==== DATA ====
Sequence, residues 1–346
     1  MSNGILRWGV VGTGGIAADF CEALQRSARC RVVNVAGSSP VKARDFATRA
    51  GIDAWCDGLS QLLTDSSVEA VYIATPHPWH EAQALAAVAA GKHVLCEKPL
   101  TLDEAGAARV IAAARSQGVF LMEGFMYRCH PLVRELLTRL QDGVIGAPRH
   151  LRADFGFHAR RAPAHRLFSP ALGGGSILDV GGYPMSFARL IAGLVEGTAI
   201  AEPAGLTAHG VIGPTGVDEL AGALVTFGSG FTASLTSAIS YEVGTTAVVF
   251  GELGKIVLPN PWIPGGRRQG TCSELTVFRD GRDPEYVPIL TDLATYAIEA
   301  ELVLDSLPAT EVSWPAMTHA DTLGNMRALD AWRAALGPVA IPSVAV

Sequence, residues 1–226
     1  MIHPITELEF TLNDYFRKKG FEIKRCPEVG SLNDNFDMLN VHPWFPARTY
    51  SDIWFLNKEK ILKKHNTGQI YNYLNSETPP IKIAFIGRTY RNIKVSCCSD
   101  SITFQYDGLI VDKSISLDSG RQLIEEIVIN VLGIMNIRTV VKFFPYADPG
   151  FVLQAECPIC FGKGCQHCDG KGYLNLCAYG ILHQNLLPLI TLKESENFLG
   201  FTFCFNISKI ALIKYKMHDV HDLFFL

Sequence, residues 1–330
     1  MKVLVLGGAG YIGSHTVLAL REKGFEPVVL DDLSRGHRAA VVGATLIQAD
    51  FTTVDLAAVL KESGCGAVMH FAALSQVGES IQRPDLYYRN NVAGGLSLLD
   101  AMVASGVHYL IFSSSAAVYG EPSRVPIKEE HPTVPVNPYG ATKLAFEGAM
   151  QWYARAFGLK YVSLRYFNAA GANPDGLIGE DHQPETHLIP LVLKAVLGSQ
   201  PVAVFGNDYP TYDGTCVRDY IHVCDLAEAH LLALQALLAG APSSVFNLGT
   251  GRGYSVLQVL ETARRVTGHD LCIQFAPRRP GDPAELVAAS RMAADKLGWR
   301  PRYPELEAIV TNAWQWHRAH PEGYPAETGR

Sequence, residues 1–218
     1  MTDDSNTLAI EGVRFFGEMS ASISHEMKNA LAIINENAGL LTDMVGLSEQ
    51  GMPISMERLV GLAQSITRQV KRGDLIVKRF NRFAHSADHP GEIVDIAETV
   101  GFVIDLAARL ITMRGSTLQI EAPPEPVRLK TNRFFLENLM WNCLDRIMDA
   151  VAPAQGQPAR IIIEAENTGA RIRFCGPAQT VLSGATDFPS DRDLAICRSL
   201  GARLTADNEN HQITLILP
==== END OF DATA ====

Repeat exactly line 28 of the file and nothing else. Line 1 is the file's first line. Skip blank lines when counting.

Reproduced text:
   201  GARLTADNEN HQITLILP